THE EUROPEAN Commission has issued an EU-wide rabies alert after a dog was found carrying the deadly disease in southwest France, where hundreds of thousands of tourists have spent the summer holidays.
The European Union executive took the rare step of warning all EU governments to ensure that recently-returned holidaymakers were aware of the case, in particular visitors to a number of local festivals in the past few weeks.
"Anyone having had contacts with that dog should consult his/her doctor to be treated appropriately. If not treated in time rabies is fatal," said the EU executive, which issued the alert via its EU Early Warning and Response System.
French authorities said they were urgently hunting for seven people who may have been infected after contact with an illegally imported rabid dog. They included a jogger aged 35-40 who was bitten by the dog in mid-August in the south-western town of Bordeaux. The animal died of rabies a few days later.
Six people in the city of Bordeaux have been vaccinated following the discovery, local officials in the department of Gironde confirmed last week.
Authorities are also looking for a French couple of North African origin and their two children and for a Spanish woman and her young daughter who were seen walking with a small white dog in Bordeaux around August 10-11. The rabid dog's owner frequently walked the animal in Bordeaux in August. The dog was imported illegally in July, authorities said. The risk of infection was heightened because the dog was infectious for nearly three weeks from the start of August until it died at the end of the month, Brussels said.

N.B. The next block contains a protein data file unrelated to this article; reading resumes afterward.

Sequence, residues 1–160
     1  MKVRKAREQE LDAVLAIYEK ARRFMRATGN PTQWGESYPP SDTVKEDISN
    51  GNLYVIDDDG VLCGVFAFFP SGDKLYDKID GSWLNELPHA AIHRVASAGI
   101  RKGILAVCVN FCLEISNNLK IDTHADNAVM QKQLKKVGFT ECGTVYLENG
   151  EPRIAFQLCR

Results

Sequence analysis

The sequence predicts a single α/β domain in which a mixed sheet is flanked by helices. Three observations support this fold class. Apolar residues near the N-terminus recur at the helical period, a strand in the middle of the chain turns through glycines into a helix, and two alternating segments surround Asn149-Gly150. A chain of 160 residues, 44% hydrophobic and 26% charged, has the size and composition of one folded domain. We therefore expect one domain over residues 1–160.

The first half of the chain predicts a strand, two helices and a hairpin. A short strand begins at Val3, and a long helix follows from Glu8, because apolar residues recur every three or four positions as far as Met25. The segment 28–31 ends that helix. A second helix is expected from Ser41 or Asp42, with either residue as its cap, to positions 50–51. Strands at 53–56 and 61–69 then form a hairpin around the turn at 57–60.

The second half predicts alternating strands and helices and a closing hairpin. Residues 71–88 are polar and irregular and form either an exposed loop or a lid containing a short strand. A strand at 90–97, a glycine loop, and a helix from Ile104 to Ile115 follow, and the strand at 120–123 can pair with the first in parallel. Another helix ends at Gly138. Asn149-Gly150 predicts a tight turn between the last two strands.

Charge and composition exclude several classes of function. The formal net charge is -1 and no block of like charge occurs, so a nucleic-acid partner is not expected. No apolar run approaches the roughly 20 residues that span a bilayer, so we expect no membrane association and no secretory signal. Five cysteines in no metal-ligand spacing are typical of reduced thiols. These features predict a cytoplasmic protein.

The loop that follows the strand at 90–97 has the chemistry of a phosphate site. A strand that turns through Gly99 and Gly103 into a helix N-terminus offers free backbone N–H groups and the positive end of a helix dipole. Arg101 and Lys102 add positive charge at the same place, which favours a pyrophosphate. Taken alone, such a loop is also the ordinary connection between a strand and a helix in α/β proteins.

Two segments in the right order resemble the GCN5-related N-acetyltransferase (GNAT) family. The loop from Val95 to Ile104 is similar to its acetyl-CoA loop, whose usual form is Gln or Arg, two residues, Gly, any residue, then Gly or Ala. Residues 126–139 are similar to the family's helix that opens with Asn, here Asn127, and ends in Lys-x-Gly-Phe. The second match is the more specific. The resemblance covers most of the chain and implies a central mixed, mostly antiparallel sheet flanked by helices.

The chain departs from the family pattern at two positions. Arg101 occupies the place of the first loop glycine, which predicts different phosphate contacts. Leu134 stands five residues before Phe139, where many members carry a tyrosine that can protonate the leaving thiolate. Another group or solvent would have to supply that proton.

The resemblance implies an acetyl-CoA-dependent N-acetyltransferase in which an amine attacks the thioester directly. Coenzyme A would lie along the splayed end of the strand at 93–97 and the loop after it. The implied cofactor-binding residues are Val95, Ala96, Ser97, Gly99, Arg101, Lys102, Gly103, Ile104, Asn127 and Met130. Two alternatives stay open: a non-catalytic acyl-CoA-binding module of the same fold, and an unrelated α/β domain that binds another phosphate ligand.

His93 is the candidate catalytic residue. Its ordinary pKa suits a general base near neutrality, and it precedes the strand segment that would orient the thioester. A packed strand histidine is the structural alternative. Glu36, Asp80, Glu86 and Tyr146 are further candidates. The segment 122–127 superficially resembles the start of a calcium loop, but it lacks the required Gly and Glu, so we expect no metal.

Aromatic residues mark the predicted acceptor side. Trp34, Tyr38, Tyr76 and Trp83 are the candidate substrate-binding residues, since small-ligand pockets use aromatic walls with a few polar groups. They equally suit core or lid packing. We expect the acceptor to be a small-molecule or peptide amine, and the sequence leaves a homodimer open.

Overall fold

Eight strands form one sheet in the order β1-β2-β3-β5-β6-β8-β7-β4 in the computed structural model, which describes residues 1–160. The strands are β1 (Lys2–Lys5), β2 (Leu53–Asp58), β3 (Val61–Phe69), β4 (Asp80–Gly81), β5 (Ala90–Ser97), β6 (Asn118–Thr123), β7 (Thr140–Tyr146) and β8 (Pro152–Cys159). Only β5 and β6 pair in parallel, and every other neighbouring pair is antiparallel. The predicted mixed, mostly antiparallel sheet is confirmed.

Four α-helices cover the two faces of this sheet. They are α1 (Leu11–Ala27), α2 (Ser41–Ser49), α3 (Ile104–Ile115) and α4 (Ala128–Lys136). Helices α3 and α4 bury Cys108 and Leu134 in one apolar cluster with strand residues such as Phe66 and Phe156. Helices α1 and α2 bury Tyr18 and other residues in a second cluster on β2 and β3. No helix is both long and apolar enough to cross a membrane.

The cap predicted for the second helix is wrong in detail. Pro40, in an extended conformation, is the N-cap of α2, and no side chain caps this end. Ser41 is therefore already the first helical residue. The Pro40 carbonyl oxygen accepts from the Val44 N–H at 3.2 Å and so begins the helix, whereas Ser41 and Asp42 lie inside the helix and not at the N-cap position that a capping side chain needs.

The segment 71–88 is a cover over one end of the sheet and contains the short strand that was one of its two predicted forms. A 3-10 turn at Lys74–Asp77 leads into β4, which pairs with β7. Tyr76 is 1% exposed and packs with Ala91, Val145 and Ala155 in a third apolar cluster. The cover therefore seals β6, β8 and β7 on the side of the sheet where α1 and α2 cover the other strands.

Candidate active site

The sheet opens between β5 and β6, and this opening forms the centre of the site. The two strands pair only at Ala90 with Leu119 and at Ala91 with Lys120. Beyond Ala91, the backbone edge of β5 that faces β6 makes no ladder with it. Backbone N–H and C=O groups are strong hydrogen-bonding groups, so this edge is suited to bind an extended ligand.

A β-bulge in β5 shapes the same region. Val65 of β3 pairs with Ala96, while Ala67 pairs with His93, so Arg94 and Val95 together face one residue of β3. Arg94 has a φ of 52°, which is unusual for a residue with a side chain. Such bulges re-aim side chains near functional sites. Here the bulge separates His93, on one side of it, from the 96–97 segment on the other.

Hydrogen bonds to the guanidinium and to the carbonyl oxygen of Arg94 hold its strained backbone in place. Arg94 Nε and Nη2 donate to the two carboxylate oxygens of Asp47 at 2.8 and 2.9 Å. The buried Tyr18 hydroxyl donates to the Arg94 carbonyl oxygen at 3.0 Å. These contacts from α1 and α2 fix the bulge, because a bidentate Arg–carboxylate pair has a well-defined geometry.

"The problem here is it has been a very long time and the owner has been with his dog to many of these festivals where lots of tourists are," said Beate Gminder, a Commission spokeswoman.
The four-month-old dog was infectious from August 2-21, the Commission said, detailing dates and locations where the dog had been, including Bordeaux and a number of festivals in the Dordogne, Gironde and Lot and Garonne regions.
Since the alarm was raised last week, 55 people have contacted an emergency centre set up at the local administration.
Rabies, which attacks the nervous system and can paralyse the entire body, is transmitted to people by dogs, cats, livestock and certain wild animals and birds. Since 1977, 19 cases of human rabies have been reported in France. All of those infected contracted the disease abroad. The Commission spokeswoman said there were on average one to three rabies cases in the EU per year.
The rabid puppy was reportedly illegally imported from Morocco and brought into France on July 11 by a resident of Bordeaux. The Commission spokeswoman said there was no question of the dog having entered the EU under currently-changing EU rules for pets travelling between EU countries.
The EU is in the process of introducing an EU-wide Pet Passport scheme, but is applying transitional arrangements this summer until October 1 when only the EU document will be valid.
The dog’s owner faces up to two years in prison and a fine of 15,000 euros for importing the dog illegally.